Regardless of who first told this story, the rest of the episode bounces back and forth between Castle and Beckett with each of them pressing their own version of that story. “Did you just get a chill?” Castle asks her when Lanie informs them that the victim’s watch was stopped at 12:58 (why this takes medical training to determine this is another mystery—surely Beckett or one of her officers would have observed this on her own at the crime scene? ). “No, Castle. I did not get a chill. Do you know why? Because Doyle was at that crime scene and he had plenty of time to change her watch to fit his delusional story. And just because he wasn’t there when she was murdered doesn’t mean he wasn’t involved somehow.” Watching the two of them struggle for control of the narrative is almost as much fun as Castle catching Esposito knowing a little too much about Doctor Who. Another tick on your geek scorecards.
A secondary story, however, is the one that neither of them is in control of, and that’s what’s going on between Pi and Alexis, the latter having announced that the couple are planning to move into together. Daddy Castle is not at all happy about this (despite, or perhaps because of, his own misspent youth), but he’s no match for his own daughter.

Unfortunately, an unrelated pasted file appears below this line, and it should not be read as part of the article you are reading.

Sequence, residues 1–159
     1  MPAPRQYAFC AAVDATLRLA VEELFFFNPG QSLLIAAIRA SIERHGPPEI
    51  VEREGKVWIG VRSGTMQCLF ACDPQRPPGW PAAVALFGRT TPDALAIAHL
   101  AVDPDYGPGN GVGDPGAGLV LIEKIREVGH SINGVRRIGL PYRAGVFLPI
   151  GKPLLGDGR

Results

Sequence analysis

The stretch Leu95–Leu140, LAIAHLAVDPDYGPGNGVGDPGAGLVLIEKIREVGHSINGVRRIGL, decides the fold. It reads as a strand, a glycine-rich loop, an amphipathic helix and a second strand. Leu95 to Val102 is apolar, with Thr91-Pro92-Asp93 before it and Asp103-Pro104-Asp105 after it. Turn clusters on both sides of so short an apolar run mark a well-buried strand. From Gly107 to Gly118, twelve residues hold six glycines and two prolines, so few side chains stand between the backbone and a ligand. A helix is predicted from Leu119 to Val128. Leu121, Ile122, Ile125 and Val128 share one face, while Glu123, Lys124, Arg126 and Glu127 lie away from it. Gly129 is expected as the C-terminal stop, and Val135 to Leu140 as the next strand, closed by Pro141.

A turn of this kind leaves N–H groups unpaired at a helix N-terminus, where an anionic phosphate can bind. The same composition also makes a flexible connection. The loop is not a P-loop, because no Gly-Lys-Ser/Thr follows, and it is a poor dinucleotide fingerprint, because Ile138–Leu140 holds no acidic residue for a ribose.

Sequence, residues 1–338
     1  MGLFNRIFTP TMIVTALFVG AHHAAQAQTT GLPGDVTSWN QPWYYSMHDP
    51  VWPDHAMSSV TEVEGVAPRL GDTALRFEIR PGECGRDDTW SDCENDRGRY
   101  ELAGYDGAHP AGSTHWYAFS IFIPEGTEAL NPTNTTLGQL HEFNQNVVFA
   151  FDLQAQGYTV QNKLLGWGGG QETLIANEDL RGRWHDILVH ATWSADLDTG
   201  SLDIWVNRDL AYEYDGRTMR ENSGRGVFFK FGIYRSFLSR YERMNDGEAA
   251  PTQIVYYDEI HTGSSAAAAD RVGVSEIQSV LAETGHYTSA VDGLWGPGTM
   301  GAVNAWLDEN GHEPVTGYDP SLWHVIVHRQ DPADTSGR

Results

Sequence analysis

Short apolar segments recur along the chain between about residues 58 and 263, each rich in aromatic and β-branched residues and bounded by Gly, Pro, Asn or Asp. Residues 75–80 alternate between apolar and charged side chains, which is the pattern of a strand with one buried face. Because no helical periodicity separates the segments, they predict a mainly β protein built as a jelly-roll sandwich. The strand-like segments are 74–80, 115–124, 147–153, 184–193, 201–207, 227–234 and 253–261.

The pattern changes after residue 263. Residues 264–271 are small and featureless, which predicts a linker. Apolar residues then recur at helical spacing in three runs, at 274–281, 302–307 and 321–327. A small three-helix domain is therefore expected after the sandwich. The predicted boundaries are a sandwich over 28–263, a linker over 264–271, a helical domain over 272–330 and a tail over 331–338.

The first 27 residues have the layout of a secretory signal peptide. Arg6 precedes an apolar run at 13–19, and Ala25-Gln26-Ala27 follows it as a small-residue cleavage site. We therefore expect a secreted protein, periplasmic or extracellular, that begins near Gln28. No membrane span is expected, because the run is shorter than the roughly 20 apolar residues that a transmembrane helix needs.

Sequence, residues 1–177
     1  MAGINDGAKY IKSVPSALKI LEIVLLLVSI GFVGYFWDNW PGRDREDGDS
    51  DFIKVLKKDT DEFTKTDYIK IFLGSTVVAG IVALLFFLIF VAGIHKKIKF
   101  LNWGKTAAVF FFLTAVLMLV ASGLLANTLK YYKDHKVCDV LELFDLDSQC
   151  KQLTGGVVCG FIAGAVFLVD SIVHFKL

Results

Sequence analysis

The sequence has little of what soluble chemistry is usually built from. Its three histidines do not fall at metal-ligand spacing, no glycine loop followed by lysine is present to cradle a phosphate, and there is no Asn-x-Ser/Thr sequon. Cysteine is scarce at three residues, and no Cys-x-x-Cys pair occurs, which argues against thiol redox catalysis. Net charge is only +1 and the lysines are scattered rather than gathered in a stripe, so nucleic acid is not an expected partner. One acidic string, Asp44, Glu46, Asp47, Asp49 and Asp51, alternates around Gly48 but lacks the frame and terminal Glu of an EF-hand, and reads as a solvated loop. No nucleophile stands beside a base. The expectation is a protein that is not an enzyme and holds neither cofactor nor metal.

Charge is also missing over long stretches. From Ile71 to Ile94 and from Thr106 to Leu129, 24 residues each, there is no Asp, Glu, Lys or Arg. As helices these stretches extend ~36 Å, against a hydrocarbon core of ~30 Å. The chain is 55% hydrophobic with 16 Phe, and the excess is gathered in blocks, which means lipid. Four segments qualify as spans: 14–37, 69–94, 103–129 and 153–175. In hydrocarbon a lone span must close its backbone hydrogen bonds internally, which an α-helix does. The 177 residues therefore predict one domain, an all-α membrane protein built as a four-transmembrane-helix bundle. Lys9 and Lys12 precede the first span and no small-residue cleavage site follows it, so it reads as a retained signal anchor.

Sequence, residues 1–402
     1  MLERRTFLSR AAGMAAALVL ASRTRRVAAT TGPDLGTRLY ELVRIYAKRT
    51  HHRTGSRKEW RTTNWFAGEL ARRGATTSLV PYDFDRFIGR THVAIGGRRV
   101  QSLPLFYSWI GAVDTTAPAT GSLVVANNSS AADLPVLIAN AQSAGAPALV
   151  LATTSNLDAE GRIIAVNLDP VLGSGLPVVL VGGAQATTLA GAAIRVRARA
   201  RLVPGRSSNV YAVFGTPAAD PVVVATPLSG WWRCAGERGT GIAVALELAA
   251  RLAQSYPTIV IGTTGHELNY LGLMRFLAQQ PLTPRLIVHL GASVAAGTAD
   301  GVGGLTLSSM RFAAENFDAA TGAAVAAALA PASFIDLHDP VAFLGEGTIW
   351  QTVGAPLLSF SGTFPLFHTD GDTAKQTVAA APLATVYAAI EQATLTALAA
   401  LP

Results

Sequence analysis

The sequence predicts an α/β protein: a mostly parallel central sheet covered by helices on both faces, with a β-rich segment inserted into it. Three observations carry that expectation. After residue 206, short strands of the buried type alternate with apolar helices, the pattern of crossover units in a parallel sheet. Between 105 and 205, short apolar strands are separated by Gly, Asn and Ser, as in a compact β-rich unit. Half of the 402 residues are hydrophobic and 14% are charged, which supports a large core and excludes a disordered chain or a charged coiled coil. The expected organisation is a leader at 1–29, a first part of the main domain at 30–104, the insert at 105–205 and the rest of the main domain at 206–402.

But that says much more about Molly Quinn and the life she’s breathed into Alexis than anything else. It’s hard to tell who is more intimidating, Nathan Fillion or Castle. Both take up a lot of physical and social space. They share an obsessive, extroverted personality and broadcast it loudly wherever they go. So it’s nothing less than astonishing that Quinn, who was all of fifteen when she first began filming Castle, has been able to hold her own in her scenes with her television dad. To a great extent, it appears that she’s accomplished this by emulating him. In character, she plays along with her dad, whether it’s laser tag or just banter. Out of character, Quinn is almost as much the face of Castle at Comic-Con as Fillion is, playing just as much as him and occasionally even dressing as him.